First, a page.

The Me vs. We Generation


In a recent magazine article that I clipped, and I can’t for the life of me remember which magazine it was clipped from, was this quote:

“In one of the greatest ironies of history, the Me Generation will transform into the We Generation in their later years.”

Of course this quote spoke to me because I am one of the people dedicated to helping our generation make this major shift in consciousness. But what does it mean to be a We Generation?

While we were known for being the Me Generation in our youth, things have really changed for us. As we took an active role in sending our own parents to nursing homes and feeling the guilt and anger over a lack of better options, or even our parent’s inability to plan for their old age, we started to change our minds about the kind of support we need as we age.

So, people in my generation began developing new ideas and making new plans. We want a different life for ourselves as we age. This gave way to the idea of aging in place and aging in community.

Here are some things to keep in mind when you’re thinking about your future.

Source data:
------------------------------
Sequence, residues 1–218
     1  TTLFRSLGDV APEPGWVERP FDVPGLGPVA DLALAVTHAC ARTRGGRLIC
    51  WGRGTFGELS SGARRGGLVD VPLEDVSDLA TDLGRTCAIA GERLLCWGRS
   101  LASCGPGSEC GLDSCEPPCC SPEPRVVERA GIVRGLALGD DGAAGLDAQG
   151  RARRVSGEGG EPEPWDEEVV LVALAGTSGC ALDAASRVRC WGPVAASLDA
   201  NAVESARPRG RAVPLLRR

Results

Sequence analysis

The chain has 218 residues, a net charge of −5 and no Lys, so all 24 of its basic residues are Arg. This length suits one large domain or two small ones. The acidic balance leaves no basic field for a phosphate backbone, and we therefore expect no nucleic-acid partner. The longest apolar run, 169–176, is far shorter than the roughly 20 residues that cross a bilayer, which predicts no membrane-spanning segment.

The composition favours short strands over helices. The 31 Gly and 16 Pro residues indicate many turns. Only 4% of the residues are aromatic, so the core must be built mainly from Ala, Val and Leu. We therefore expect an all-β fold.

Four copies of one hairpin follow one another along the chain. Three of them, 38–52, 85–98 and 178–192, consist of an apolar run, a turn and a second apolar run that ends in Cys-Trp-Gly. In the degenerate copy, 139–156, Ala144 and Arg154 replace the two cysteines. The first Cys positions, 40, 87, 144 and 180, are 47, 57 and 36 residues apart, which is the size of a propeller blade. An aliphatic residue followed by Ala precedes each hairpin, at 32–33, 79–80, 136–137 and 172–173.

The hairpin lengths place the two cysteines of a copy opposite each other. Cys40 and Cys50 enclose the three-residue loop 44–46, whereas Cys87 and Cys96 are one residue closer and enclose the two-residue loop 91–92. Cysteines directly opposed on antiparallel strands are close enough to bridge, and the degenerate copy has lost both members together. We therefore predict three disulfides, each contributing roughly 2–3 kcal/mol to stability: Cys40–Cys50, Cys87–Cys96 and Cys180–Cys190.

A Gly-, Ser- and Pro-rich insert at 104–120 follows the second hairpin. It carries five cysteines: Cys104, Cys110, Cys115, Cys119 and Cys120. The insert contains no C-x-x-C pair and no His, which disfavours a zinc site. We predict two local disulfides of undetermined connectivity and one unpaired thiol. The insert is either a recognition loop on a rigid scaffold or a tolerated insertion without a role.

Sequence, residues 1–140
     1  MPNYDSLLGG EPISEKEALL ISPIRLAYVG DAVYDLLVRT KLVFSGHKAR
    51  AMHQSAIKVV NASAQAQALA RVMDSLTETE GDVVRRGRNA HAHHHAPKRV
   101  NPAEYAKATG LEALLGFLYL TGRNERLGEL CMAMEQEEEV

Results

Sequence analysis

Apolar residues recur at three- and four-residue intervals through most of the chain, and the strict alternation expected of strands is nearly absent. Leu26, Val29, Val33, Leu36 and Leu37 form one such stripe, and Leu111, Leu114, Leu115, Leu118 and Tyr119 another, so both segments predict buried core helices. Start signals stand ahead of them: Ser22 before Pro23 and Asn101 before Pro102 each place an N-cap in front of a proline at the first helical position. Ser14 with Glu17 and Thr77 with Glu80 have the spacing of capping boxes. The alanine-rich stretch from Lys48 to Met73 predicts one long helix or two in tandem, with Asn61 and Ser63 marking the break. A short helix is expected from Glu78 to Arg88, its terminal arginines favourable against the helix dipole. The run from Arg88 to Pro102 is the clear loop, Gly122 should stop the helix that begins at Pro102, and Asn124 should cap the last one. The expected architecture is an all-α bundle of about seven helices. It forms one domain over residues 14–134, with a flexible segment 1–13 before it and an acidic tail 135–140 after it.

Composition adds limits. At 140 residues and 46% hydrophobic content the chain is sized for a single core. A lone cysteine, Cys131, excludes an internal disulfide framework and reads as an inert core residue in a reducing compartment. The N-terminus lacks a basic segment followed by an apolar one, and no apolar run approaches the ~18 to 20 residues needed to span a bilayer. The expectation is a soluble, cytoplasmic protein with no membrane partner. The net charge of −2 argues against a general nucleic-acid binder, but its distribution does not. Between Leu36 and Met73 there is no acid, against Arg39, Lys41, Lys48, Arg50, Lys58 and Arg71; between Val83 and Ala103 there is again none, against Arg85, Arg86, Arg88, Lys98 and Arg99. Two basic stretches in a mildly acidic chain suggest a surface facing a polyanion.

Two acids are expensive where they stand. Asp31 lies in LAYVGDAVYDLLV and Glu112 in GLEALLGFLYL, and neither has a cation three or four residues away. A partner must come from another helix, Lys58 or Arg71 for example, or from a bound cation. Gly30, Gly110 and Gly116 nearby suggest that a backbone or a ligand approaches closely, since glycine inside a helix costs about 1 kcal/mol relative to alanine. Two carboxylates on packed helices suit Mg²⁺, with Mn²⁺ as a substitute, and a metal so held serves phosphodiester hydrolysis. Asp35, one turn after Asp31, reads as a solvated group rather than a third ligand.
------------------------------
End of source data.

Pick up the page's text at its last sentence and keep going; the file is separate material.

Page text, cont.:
• You must be an active participant. Community living is something you need to do for yourself. A community situation won’t knock on your door and invite you in; you need to take charge. There are multiple ways to do this, but we recommend going through the exercises in our book Your Quest for Home.
  • Develop creative solutions to problems. Finding community in your life is one part determination and one part creativity. Don’t think inside the box. Talk to others in your community and start to think about the creative solutions that can lead to better situations as you age.
  • Recognize community opportunities in your life. Part of the block to finding a community comes from the blindness to your immediate surroundings. Many people simply assume this kind of life is unattainable therefore it must exist somewhere else. Instead, start to look at things in your own life that can evolve into community living.
  • Talk to younger family members about your choices. Building community should be an intergenerational priority. Your children and grandchildren can be involved. If you don’t have children of your own, talk to trusted younger people who are also concerned about their options as they age. We can lead the charge toward the future.

What are some ways you can actively work toward a new paradigm in our conversations on aging?

We encourage you to leave a comment or join the conversation on Facebook.

Women For Living in Community